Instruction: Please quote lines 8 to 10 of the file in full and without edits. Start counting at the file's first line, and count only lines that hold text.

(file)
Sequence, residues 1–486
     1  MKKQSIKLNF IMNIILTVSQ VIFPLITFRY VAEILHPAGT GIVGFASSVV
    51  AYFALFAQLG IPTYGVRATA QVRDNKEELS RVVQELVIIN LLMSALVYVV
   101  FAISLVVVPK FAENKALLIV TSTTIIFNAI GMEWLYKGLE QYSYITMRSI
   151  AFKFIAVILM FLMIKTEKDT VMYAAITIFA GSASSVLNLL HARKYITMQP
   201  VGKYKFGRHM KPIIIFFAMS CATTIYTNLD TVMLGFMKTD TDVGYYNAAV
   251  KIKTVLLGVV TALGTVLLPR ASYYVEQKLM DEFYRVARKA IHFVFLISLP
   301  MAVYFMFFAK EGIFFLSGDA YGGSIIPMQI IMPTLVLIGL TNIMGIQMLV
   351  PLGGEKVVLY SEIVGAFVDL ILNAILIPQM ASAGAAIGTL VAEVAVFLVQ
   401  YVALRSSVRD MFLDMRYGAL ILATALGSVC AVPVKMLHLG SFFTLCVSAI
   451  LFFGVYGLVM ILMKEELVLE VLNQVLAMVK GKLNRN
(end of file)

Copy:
   301  MAVYFMFFAK EGIFFLSGDA YGGSIIPMQI IMPTLVLIGL TNIMGIQMLV
   351  PLGGEKVVLY SEIVGAFVDL ILNAILIPQM ASAGAAIGTL VAEVAVFLVQ
   401  YVALRSSVRD MFLDMRYGAL ILATALGSVC AVPVKMLHLG SFFTLCVSAI